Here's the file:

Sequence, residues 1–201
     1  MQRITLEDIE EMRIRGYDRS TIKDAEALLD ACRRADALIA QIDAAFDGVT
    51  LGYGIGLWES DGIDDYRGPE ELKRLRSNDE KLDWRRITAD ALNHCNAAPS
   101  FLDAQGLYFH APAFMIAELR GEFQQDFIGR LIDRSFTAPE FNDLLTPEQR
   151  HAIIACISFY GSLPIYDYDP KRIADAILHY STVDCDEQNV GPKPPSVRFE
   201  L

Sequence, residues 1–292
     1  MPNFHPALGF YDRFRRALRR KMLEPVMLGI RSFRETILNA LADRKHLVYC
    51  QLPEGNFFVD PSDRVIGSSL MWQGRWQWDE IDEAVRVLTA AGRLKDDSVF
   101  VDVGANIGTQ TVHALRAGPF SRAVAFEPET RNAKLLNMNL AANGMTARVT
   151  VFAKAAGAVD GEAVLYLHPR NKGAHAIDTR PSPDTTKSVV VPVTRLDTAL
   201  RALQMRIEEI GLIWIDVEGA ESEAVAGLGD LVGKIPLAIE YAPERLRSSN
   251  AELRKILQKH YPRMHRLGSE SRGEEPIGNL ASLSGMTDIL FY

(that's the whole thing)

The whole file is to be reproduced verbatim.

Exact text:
Sequence, residues 1–201
     1  MQRITLEDIE EMRIRGYDRS TIKDAEALLD ACRRADALIA QIDAAFDGVT
    51  LGYGIGLWES DGIDDYRGPE ELKRLRSNDE KLDWRRITAD ALNHCNAAPS
   101  FLDAQGLYFH APAFMIAELR GEFQQDFIGR LIDRSFTAPE FNDLLTPEQR
   151  HAIIACISFY GSLPIYDYDP KRIADAILHY STVDCDEQNV GPKPPSVRFE
   201  L

Sequence, residues 1–292
     1  MPNFHPALGF YDRFRRALRR KMLEPVMLGI RSFRETILNA LADRKHLVYC
    51  QLPEGNFFVD PSDRVIGSSL MWQGRWQWDE IDEAVRVLTA AGRLKDDSVF
   101  VDVGANIGTQ TVHALRAGPF SRAVAFEPET RNAKLLNMNL AANGMTARVT
   151  VFAKAAGAVD GEAVLYLHPR NKGAHAIDTR PSPDTTKSVV VPVTRLDTAL
   201  RALQMRIEEI GLIWIDVEGA ESEAVAGLGD LVGKIPLAIE YAPERLRSSN
   251  AELRKILQKH YPRMHRLGSE SRGEEPIGNL ASLSGMTDIL FY